Thank you for your interest in the Tudor Oysterdate Big Rose. Please fill out the form below and we will get back to you shortly.Submit
In 1961, JeanRichard SA—parent company of Aquastar—filed a patent for a unique type of watch. Frédéric Robert, the founder of Aquastar as well as one of its chief designers, took a Felsa 4000N movement and modified it to display a five minute counter, located on a disc on top of the movement. Robert then added a third wheel and connected to a pusher; once depressed, the pusher would reset the seconds hand to zero and start a countdown, visible on the disc.
This watch, the Aquastar Regate, has gone down in horological history as the first regatta timer, and has spawned countless successors—like this watch, the LeJour Yachtingraf.
It seems odd that a sport as esoteric as yachting would have its own watch, but the first regatta timers were created in an age of economic prosperity. Freed from the constraints of post-war rationing, people suddenly had more free time, and the resources to fill it with sports. Aquastar, which was founded by a SCUBA diving enthusiast, was only capitalizing on this sporting boom.
Yema was just another brand that took the idea of a yachting chronograph and ran with it—or, should we say… sailed?
The brand was founded in 1948 by Henry Louis Belmont in Besançon, the hotbed of French watchmaking that also spawned Lip. Yema’s claim to fame was the first automatic chronometers produced entirely in France. However, by the 1960s the brand was also churning out 300,000 watches per year: handsome sporty models like the Superman—the brand’s first dive watch, rated to 300m—or the Yachtingraf.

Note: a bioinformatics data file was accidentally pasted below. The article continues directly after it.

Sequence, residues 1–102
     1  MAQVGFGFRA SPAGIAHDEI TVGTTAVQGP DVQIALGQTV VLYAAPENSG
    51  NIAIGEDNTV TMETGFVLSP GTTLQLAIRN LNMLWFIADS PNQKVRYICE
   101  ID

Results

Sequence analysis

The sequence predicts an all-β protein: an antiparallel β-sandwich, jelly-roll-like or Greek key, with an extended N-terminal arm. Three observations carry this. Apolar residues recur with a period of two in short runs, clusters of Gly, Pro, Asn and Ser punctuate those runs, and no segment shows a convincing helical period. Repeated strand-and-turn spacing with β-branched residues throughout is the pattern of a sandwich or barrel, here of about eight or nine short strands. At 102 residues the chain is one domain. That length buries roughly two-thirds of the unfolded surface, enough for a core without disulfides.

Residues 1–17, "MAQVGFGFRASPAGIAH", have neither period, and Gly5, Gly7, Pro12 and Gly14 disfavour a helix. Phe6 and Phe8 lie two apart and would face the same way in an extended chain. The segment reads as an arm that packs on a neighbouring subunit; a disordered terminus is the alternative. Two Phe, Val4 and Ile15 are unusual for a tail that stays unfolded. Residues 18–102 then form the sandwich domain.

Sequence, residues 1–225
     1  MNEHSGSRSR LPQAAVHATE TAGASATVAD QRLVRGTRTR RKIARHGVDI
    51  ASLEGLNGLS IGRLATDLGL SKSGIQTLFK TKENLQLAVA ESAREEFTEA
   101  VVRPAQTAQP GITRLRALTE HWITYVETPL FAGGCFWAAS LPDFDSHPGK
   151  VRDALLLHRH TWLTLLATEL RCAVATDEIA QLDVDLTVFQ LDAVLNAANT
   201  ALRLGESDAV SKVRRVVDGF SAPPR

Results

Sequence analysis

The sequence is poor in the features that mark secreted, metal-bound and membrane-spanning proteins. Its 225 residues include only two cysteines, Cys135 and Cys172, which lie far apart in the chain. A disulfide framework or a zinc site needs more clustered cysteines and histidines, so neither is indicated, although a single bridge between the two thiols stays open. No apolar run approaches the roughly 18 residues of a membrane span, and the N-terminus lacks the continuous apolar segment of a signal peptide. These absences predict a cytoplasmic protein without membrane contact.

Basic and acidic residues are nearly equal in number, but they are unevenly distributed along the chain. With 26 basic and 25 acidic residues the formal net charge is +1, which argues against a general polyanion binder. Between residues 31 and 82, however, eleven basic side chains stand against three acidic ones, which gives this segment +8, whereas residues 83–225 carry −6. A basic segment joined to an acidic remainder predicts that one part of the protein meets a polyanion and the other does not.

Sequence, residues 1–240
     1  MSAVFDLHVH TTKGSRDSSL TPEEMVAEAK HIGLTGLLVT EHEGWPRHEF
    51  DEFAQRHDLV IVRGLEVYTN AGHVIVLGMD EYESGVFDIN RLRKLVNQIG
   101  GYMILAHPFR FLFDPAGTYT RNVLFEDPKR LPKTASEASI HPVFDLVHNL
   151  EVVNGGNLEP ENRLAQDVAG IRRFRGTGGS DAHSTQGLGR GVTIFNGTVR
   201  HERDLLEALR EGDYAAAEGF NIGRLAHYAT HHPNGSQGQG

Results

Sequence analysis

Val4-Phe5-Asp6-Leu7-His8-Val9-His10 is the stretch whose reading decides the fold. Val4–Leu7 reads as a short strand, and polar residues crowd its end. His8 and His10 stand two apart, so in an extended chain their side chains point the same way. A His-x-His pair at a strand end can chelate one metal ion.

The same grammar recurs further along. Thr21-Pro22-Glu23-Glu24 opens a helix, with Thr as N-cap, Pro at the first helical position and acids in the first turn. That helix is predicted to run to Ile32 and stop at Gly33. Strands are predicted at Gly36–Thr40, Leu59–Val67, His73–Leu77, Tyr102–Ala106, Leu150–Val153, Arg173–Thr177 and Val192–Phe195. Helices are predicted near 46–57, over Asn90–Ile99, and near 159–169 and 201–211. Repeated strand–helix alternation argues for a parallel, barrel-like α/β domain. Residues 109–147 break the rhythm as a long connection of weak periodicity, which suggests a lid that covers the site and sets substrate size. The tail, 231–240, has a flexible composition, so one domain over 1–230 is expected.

The Yachtingraf debuted in 1966, using a patented design for “yachting and underwater use.” Unlike the Aquastar Regate, the Yachtingraf combined a chronograph with the regatta timer, this time shown directly on the diver. The Yachtingraf would prove immensely popular, and would be produced in six different versions from 1966 to 1970, when the model was discontinued.
Many of these watches were sold under the brand name LeJour, Yema’s distributor in the United States—including the watch we offer here.
This particular Yachtingraf is an example of the second iteration of Yachtingraf, produced from 1966 to 1967. It’s powered by the Valjoux Calibre 7733 manually-wound chronograph drivetrain, an affordable and easy-to-service movement used throughout the industry.
The Yachtingraf combines everything we love about 1960s chronographs—a nice size and sharp looks—with robust internals. Although we’d be hard-pressed to find ourselves wearing one in the midst of a yacht race, it’s perfect for casual wear on solid ground.
Stainless steel case is approximately 39mm (excluding crown). Valjoux 7733 Manually-Wound Chronograph Movement. Circa 1960s.
Overall Condition: Case is in very good condition overall with sharp lugs and moderate signs of use and wear in keeping with age. Dial is in very good condition with crisp printing and signs of age to the luminescent materials. Unsigned crown.
Includes one 20mm black leather strap with white contrast stitching.
Analog/Shift stands behind the authenticity of our products in perpetuity.
We back each Analog/Shift vintage timepiece with a one-year mechanical warranty from the date of purchase.
All of our watches include complementary insured shipping within the 50 states. We are happy to hand deliver your purchase in Manhattan or you may pick it up at our showroom.
Please contact us prior to purchase for additional details on shipping and payment options